Bad data is a perennial problem for companies. But in a climate where the underlying business environment is shifting fast, bad data can trip companies into insolvency.
Data governance is supposed to weed out bad data and stop it from taking root within corporate data sets. Yet, the reality is that many companies are still struggling to govern their data.
So, why the gap in data governance? It begins when companies see it as an IT problem.
Companies need to own up to a stark reality: that it is a business issue, and not just an IT problem, said Praveen Kumar Chandrashekhar, senior vice president, and general manager for the Asia Pacific at ASG Technologies.
“The data owner has to be the business owner or someone at the top; it’s a corporate responsibility. IT might say we are data governed, but you step out of it, you find out that there are many aspects that are overlooked within the enterprise.”
The political game
Part of the problem is that there is very little justification for business teams to claim ownership over data governance. So, they leave it to the IT team to set it up.
“It’s more of the ability not to take responsibility. It’s not that [business owners] don’t want to do it. It is whether they can do it as part of their day job,” said Chandrashekhar.
Business owners and department/division heads are already under tremendous pressure to deliver on business metrics during the pandemic. Adding data governance on top of these can be a tall ask.
In places like Europe, the cost of bad data or inadequate data governance can be high. Regulations like GDPR state how much a company will have to pay if governance fails.
“The penalty is so huge and a detriment that it allows one to make a business case. You can justify adding an additional CDO under the specific business and not under IT,” said Chandrashekhar.
While countries in the Asia Pacific are moving in similar directions, it is not region-wide or uniform. As companies look to cut costs, spending on data governance will be the last thing on business owners’ minds. “Because data governance is a lot of money, and their question is, when am I going to get that revenue?”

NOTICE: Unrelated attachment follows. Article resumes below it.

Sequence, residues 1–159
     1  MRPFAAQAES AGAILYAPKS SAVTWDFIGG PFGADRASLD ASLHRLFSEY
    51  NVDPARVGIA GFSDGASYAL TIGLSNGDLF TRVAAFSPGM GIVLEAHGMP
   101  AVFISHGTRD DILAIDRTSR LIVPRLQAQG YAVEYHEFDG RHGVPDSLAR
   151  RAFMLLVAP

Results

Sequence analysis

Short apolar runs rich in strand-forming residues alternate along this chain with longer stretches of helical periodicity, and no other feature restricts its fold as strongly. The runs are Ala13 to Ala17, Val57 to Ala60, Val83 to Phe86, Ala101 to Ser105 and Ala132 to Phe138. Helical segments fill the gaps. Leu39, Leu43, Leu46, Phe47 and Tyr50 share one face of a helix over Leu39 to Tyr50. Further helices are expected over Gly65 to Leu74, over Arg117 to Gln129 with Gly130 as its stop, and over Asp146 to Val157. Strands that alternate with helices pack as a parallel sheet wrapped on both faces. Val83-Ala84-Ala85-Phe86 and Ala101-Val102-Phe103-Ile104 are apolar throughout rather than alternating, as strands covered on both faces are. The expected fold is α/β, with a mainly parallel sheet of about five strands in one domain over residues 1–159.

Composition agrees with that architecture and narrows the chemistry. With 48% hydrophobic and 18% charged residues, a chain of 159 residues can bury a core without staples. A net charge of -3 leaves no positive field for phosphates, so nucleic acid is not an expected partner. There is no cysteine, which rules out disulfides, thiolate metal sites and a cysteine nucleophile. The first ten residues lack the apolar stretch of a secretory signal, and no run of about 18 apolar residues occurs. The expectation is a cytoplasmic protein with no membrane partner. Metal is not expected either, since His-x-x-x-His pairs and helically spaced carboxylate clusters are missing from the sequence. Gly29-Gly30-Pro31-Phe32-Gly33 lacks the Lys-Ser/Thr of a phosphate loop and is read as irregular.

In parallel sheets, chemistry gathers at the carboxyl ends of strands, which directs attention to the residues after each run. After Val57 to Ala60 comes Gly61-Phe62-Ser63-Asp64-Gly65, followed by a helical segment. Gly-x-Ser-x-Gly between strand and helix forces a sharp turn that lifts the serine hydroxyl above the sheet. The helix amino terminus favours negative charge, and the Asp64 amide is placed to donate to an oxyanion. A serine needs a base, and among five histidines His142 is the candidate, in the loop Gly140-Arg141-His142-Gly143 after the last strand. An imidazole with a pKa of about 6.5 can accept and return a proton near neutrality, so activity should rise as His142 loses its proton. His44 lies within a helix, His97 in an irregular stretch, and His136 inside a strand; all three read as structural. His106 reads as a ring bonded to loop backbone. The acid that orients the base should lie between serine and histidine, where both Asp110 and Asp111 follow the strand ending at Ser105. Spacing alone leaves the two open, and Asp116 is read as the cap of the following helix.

Another problem is the approach. Many companies in APAC put a higher value on having humans taking control of governance. In areas like Australia and the Western world, governance is seen as a technology issue.
“In Asia, including Japan, the concept of data governance is very human-led, and not technology-led. They throw people at the problem to fix it,” observed Chandrashekhar.
COVID-19 is changing mindsets on the value of data governance.
As demand stalls, competition heightens, and the market demand evolves fast, companies see value in having the right data. Bad data can now directly impact business survival.
As a result, companies are now changing the conversation about data governance.
For example, Chandrashekhar noted how a CDO at an Australian insurance firm talked about reducing data deduplication within his company to save about 30% of costs. While the issue is about data governance, he noted that it can be a tough sell. But equating to actual savings gets senior management and business owners on the same page.
MDM vs. data inventory
Companies are also starting to realize the importance of understanding what data they have on the technology front.
“This whole concept of Master Data Management (MDM), which people keep selling, is very difficult to implement because of the variety of applications that an enterprise has. These applications actually store data in different forms that are built over a period of time. Moving all of that to a central MDM is a Herculean task. And that is a lot of money to be spent with no return that can be visible over the next maybe 36 months,” said Chandrashekhar.
ASG Technologies takes a different tact with data inventory. The company works closely with the business to build one before looking at data governance. The inventory approach asks questions such as the type of data, which applications process it, how it is moved from one point to another, and the different data value chain steps.
The data inventory builds a data landscape unique to each company. Then Chandrashekhar and his team examine the areas where a company will need to fix. “Unlike others who say, first let’s do data governance, we go in with the inventory approach first. That’s where we build greater trust before we build data governance.”
Post-pandemic role of governance
This trust is vital for good data. In fact, Chandrashekhar sees trusted data as inherently good data. “It all boils down to trust. If you can trust the data, then the data is good. If you cannot trust the data, the data is bad.”
It is with this binary definition of good data, which is driven by ASG Technologies’ Data Intelligence solution that Chandrashekhar is hoping to change the way companies do data governance “once and for all.”
He is also forecasting that the use of Data Intelligence to get a clear data landscape will play a more prominent role post-COVID-19. It is when companies will start to merge or acquire each other by taking advantage of low valuations. “Because the cost of enforcing data governance in an organization post-acquisition will be just too enormous.”
Image credit: iStockphoto/OSTILL